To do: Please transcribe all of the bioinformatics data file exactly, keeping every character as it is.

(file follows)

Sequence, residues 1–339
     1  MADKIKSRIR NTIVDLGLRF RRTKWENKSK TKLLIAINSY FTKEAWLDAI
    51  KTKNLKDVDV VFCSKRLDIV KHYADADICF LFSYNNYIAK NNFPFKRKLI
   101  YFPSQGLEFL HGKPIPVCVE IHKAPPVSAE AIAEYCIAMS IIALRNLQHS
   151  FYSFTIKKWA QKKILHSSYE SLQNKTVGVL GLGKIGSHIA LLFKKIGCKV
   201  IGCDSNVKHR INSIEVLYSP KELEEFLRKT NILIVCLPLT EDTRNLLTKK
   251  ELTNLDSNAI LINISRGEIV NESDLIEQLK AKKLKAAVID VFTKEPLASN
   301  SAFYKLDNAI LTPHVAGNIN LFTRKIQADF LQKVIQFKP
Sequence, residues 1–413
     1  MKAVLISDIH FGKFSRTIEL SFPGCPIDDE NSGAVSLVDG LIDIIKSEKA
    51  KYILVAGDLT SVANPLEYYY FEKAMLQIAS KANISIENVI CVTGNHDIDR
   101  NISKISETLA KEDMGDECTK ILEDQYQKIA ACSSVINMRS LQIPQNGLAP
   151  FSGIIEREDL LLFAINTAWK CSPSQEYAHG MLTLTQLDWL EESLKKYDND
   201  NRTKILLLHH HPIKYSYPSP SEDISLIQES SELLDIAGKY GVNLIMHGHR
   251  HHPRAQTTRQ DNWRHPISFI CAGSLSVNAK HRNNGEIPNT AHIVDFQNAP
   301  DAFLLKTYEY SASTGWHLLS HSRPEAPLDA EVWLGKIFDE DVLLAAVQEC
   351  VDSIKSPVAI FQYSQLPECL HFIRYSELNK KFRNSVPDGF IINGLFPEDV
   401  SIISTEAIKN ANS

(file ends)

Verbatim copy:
Sequence, residues 1–339
     1  MADKIKSRIR NTIVDLGLRF RRTKWENKSK TKLLIAINSY FTKEAWLDAI
    51  KTKNLKDVDV VFCSKRLDIV KHYADADICF LFSYNNYIAK NNFPFKRKLI
   101  YFPSQGLEFL HGKPIPVCVE IHKAPPVSAE AIAEYCIAMS IIALRNLQHS
   151  FYSFTIKKWA QKKILHSSYE SLQNKTVGVL GLGKIGSHIA LLFKKIGCKV
   201  IGCDSNVKHR INSIEVLYSP KELEEFLRKT NILIVCLPLT EDTRNLLTKK
   251  ELTNLDSNAI LINISRGEIV NESDLIEQLK AKKLKAAVID VFTKEPLASN
   301  SAFYKLDNAI LTPHVAGNIN LFTRKIQADF LQKVIQFKP
Sequence, residues 1–413
     1  MKAVLISDIH FGKFSRTIEL SFPGCPIDDE NSGAVSLVDG LIDIIKSEKA
    51  KYILVAGDLT SVANPLEYYY FEKAMLQIAS KANISIENVI CVTGNHDIDR
   101  NISKISETLA KEDMGDECTK ILEDQYQKIA ACSSVINMRS LQIPQNGLAP
   151  FSGIIEREDL LLFAINTAWK CSPSQEYAHG MLTLTQLDWL EESLKKYDND
   201  NRTKILLLHH HPIKYSYPSP SEDISLIQES SELLDIAGKY GVNLIMHGHR
   251  HHPRAQTTRQ DNWRHPISFI CAGSLSVNAK HRNNGEIPNT AHIVDFQNAP
   301  DAFLLKTYEY SASTGWHLLS HSRPEAPLDA EVWLGKIFDE DVLLAAVQEC
   351  VDSIKSPVAI FQYSQLPECL HFIRYSELNK KFRNSVPDGF IINGLFPEDV
   401  SIISTEAIKN ANS